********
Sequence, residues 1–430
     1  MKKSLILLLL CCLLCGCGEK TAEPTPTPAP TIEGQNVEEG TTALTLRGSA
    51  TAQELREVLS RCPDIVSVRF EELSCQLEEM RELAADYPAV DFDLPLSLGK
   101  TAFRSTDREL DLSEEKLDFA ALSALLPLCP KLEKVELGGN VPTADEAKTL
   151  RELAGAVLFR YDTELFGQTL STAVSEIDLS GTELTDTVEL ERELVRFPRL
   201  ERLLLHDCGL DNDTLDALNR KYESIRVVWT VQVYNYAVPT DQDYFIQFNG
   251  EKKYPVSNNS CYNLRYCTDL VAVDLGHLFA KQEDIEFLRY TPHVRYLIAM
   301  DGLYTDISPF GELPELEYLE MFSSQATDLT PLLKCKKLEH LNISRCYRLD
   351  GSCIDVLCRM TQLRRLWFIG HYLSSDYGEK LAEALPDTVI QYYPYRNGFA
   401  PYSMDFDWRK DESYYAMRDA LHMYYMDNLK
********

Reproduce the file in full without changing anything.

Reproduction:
Sequence, residues 1–430
     1  MKKSLILLLL CCLLCGCGEK TAEPTPTPAP TIEGQNVEEG TTALTLRGSA
    51  TAQELREVLS RCPDIVSVRF EELSCQLEEM RELAADYPAV DFDLPLSLGK
   101  TAFRSTDREL DLSEEKLDFA ALSALLPLCP KLEKVELGGN VPTADEAKTL
   151  RELAGAVLFR YDTELFGQTL STAVSEIDLS GTELTDTVEL ERELVRFPRL
   201  ERLLLHDCGL DNDTLDALNR KYESIRVVWT VQVYNYAVPT DQDYFIQFNG
   251  EKKYPVSNNS CYNLRYCTDL VAVDLGHLFA KQEDIEFLRY TPHVRYLIAM
   301  DGLYTDISPF GELPELEYLE MFSSQATDLT PLLKCKKLEH LNISRCYRLD
   351  GSCIDVLCRM TQLRRLWFIG HYLSSDYGEK LAEALPDTVI QYYPYRNGFA
   401  PYSMDFDWRK DESYYAMRDA LHMYYMDNLK